Welcome to the Geography Department at Cefn Hengoed Community School
1. To engage pupils in an intellectually challenging, relevant and interesting study of the subject.
2. To encourage responsible behaviour through pupils working individually and together.
3. To increase pupils' knowledge and understanding of the world in which they live.
4. To help pupils recognise the relationships between people and their environment.
5. To foster a better understanding of different communities and cultures both within our own society and elsewhere in the world.
6. To enable pupils to make an informed contribution to modern society and the issues that it faces.
7. To develop the key skills of communication, application of number, ICT, thinking and improving own learning.
8. To prepare pupils so that they may succeed to the best of their ability in examinations.
KEY STAGE 3 INTORDUCTION
At Key Stage 3, learners build on the knowledge, understanding and skills that they have already acquired at Key Stage 2. Geography develops and stimulates learners’ interest and fosters a sense of wonder about the variety of places and the complexity of the world. Through a study of Wales, Europe, other countries, different environments and issues in the news, learners extend their locational knowledge and understanding of how processes shape both natural and human landscapes. They carry out investigations, use maps, gather data, and analyse and synthesise information. They apply their knowledge and skills to explain relationships between places and patterns of activity at a range of scales from local to global. Learners are encouraged to make informed judgments about everyday issues and develop and reflect on their own views and opinions. They develop an understanding of why countries are interdependent, how people interact with their environments and the importance of sustainability. They are encouraged to develop a sense of responsibility for the environment and their role as global citizens.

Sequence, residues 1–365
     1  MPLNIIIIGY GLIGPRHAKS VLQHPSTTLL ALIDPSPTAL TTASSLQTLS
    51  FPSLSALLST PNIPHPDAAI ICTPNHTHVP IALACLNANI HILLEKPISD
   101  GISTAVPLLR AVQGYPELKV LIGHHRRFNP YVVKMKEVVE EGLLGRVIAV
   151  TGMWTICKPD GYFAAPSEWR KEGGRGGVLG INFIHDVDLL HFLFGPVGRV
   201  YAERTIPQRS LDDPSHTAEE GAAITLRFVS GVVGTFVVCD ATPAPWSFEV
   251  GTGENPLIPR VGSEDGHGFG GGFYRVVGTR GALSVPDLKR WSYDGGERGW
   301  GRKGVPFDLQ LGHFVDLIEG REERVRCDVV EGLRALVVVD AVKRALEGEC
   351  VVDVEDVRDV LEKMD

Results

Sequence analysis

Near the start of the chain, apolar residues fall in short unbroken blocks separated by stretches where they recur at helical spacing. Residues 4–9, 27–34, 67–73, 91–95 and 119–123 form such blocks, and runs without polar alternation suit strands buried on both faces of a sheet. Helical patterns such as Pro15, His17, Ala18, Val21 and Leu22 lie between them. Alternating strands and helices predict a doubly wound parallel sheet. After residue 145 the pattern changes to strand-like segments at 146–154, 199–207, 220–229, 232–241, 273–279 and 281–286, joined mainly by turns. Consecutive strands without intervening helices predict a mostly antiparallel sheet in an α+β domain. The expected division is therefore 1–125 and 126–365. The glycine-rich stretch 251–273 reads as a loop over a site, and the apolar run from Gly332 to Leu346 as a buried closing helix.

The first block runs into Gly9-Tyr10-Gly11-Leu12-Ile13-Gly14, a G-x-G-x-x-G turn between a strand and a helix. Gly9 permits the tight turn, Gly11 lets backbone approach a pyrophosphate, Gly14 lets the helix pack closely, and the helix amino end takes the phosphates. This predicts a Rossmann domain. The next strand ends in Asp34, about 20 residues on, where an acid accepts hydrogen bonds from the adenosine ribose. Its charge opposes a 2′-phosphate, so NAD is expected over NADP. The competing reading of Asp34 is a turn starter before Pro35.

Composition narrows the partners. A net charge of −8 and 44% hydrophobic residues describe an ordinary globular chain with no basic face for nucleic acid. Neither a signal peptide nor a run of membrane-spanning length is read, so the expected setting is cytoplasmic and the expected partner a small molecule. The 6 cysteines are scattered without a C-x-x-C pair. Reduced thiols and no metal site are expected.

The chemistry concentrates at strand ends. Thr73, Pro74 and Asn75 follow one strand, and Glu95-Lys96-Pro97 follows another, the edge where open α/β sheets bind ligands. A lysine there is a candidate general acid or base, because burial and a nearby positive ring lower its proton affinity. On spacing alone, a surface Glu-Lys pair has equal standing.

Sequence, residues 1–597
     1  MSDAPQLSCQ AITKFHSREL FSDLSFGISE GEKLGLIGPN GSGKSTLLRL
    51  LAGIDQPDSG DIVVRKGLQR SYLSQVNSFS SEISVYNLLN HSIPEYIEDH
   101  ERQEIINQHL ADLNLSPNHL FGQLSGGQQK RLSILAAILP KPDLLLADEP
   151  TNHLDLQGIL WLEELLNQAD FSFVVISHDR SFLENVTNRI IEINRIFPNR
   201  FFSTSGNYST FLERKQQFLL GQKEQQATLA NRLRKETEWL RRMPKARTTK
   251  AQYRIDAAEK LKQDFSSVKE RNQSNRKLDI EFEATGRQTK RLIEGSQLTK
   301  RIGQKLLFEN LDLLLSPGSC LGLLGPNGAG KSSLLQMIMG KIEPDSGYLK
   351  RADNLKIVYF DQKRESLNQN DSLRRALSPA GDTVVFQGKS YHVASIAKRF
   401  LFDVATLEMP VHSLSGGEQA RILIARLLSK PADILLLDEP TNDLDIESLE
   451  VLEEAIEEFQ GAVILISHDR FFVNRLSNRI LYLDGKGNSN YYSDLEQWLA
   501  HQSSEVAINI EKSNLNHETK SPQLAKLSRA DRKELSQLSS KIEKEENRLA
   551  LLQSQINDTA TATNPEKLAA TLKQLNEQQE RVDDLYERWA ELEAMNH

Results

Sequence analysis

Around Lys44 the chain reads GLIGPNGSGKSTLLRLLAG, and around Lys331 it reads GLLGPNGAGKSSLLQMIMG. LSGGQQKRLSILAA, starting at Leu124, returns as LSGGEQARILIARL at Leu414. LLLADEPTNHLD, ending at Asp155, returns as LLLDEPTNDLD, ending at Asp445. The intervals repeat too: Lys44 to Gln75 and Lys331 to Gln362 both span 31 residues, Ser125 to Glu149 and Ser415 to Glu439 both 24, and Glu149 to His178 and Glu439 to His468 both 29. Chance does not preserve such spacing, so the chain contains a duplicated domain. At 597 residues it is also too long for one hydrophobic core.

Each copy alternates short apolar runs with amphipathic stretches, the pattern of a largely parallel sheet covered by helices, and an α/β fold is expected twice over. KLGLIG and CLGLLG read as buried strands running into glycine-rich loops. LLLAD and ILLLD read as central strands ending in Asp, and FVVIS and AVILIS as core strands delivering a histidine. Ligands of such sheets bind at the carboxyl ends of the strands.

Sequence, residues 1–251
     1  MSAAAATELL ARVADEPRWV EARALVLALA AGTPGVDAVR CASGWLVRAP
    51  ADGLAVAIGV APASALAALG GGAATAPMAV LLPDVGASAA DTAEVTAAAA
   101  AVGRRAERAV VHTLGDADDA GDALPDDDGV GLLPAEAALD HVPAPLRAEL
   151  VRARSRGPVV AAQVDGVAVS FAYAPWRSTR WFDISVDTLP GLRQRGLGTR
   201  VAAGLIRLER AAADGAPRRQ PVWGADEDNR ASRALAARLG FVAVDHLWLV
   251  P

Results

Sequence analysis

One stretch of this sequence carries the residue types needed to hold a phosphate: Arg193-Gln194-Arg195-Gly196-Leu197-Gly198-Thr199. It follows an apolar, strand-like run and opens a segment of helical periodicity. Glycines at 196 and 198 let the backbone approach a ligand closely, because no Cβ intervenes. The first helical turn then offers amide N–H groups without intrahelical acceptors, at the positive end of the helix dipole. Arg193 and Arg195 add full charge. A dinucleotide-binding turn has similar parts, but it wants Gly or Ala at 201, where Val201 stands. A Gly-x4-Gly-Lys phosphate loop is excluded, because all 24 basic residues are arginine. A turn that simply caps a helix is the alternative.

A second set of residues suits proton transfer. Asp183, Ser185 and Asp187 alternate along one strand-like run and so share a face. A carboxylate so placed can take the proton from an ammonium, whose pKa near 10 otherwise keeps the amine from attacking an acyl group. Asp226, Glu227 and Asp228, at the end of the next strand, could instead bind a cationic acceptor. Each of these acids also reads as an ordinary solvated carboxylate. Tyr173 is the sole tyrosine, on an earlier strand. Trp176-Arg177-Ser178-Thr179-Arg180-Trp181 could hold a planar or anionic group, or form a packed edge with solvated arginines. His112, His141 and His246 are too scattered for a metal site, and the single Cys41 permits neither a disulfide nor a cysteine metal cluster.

- Geography Loves Food
- How Can Maps Help Me?
- Geography Loves Sport
- Epic Cymru
- Geography In The News
- Breaking Rocks
- Raging Rivers
- Hideous Hazards
- China China
- Happy Holidays
- The Problem With People
- Environmental Enquiry
- Terrific Trees
GEOGRAPHICAL SKILLS AT KEY STAGE 3
Locating places, environments and patterns
1. identify and locate places and environments using globes, atlases, and maps, e.g. use co-ordinates and four-figure references
2. follow directions, estimate and calculate distances, e.g. follow map and ground routes, calculate map-to-ground distances
3. use maps, imagery and ICT to find and present locational information, e.g. draw sketch maps using symbols and keys. Interpret maps, and photographs including oblique, aerial and satellite images
4. identify and describe the spatial patterns (distributions) of places and environments and how they are connected, e.g. a line of towns in a valley, the pattern of areas affected by a tsunami.
Understanding places, environments and processes
1. identify and describe natural and human features, e.g. weather conditions, types of buildings
2. identify similarities and differences to describe, compare and contrast places and environments
3. describe the causes and consequences of how places and environments change, e.g. by season; from past to present, the need for sustainability.
1. observe and ask questions about a place, environment or a geographical issue, e.g. Why does it flood? How and why is our village changing?
2. measure, collect and record data through carrying out practical investigations and fieldwork, and using secondary sources, e.g. use instruments to measure rainfall, use GIS, design questionnaires
3. organise and analyse evidence, develop ideas to find answers and draw conclusions, e.g. use a data spreadsheet, compare weather data.
1. express own opinions and be aware that people have different points of view about places, environments and geographical issues, e.g. about wind farms, fair trade
2. make decisions about geographical issues by distinguishing between fact and opinion and considering different arguments, e.g. a traffic problem
3. communicate findings in a variety of ways, e.g. using geographical terms, annotated photographs, maps, diagrams, or ICT.